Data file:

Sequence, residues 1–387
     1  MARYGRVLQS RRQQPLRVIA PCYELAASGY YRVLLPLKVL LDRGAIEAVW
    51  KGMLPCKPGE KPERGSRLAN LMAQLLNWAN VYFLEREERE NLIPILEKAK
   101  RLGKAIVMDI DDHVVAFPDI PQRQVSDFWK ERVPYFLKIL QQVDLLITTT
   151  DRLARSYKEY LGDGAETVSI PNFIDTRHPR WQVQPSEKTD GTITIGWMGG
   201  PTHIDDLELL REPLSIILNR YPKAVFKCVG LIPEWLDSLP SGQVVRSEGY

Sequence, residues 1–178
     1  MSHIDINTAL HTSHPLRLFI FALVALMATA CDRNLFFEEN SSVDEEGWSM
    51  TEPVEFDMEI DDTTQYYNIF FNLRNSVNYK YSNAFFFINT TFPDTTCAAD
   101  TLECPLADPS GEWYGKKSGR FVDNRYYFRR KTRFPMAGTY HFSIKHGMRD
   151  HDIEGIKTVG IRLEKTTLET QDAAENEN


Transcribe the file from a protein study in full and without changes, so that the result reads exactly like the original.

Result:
Sequence, residues 1–387
     1  MARYGRVLQS RRQQPLRVIA PCYELAASGY YRVLLPLKVL LDRGAIEAVW
    51  KGMLPCKPGE KPERGSRLAN LMAQLLNWAN VYFLEREERE NLIPILEKAK
   101  RLGKAIVMDI DDHVVAFPDI PQRQVSDFWK ERVPYFLKIL QQVDLLITTT
   151  DRLARSYKEY LGDGAETVSI PNFIDTRHPR WQVQPSEKTD GTITIGWMGG
   201  PTHIDDLELL REPLSIILNR YPKAVFKCVG LIPEWLDSLP SGQVVRSEGY

Sequence, residues 1–178
     1  MSHIDINTAL HTSHPLRLFI FALVALMATA CDRNLFFEEN SSVDEEGWSM
    51  TEPVEFDMEI DDTTQYYNIF FNLRNSVNYK YSNAFFFINT TFPDTTCAAD
   101  TLECPLADPS GEWYGKKSGR FVDNRYYFRR KTRFPMAGTY HFSIKHGMRD
   151  HDIEGIKTVG IRLEKTTLET QDAAENEN